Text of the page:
Companies such as Alphabet Inc.’s Google, Delta Air Lines Inc. and International Business Machines Corp. have reduced educational requirements for certain positions and shifted hiring to focus more on skills and experience. Maryland this year cut college-degree requirements for many state jobs—leading to a surge in hiring—and incoming Pennsylvania Gov. Josh Shapiro campaigned on a similar initiative.
U.S. job postings requiring at least a bachelor’s degree were 41% in November, down from 46% at the start of 2019 ahead of the Covid-19 pandemic, according to an analysis by the Burning Glass Institute, a think tank that studies the future of work. Degree requirements dropped even more early in the pandemic. They have grown since then but remain below prepandemic levels. . . .
The majority of its U.S. roles at IBM no longer require a four-year degree after the company conducted a review of hiring practices, IBM spokeswoman Ashley Bright said.
Delta eased its educational requirements for pilots at the start of this year, saying a four-year college degree was preferred but no longer required of job applicants.
Walmart Inc., the country’s largest private employer, said it values skills and knowledge gained through work experience and that 75% of its U.S. salaried store management started their careers in hourly jobs.
“We don’t require degrees for most of our jobs in the field and increasingly in the home office as well,” Kathleen McLaughlin, Walmart executive vice president, said at an online event this fall. The company’s goal is to shift the “focus from the way someone got their skills, which is the degree, to what skills do they have.”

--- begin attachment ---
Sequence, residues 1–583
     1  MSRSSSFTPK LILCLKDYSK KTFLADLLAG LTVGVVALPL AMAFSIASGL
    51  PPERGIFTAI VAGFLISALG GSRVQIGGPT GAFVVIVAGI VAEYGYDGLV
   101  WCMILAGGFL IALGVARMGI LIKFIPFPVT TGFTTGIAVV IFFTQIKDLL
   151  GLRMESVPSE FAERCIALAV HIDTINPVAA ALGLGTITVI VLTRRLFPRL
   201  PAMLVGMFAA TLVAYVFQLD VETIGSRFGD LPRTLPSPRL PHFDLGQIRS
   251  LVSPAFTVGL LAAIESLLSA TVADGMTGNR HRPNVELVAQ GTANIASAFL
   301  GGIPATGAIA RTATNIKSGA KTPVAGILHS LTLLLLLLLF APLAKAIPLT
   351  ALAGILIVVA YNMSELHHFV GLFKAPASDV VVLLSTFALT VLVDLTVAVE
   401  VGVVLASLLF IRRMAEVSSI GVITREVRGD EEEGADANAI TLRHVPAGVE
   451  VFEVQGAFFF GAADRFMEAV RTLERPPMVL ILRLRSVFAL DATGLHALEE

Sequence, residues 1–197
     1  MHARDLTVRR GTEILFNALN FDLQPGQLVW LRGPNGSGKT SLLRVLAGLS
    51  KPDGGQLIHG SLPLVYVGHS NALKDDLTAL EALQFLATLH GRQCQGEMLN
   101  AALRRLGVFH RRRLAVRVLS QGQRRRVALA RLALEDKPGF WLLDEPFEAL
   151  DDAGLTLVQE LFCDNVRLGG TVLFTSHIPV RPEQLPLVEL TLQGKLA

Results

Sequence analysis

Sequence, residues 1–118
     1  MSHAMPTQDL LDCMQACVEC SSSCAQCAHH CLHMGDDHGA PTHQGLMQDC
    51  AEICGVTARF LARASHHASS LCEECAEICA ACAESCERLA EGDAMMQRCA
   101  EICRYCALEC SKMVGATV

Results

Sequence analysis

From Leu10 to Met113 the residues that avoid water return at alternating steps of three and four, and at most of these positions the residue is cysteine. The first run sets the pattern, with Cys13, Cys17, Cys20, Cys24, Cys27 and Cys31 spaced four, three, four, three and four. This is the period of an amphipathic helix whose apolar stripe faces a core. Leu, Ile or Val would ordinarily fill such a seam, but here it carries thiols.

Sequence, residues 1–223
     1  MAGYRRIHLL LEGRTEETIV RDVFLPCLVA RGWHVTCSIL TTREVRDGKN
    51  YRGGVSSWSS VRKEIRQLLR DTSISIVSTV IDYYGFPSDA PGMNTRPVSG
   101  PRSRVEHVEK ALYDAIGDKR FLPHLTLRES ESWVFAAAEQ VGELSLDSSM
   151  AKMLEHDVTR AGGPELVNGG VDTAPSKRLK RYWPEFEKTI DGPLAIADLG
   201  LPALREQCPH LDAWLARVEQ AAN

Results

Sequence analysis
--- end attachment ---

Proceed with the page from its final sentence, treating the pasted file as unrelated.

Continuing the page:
A four-year college degree holder has more lifetime earnings than one without. The lifetime earnings of a worker with a high-school diploma is $1.6 million while that of a bachelor’s degree holder is $2.8 million, according to a 2021 report by the Center on Education and the Workforce at Georgetown University.
But many people don’t finish college and are left with mountains of debt—more than 43 million people in the U.S. hold a total of $1.6 trillion in student-loan debt. While a college degree can provide specific workplace skills, workers can gain the skills needed for many jobs without a four-year degree.
Black and Hispanic people are less likely to have a college degree compared with white and Asian people, according to the Commerce Department. Men are less likely than women. . . .
Mr. Deitchman said since the policy change he is seeing more applicants and higher quality job applicants.
“I would rather have someone with experience,” he said. “It’s just something that should have been done years ago.”
Employers are learning the difference between credentialed and educated. All is proceeding as I have foreseen.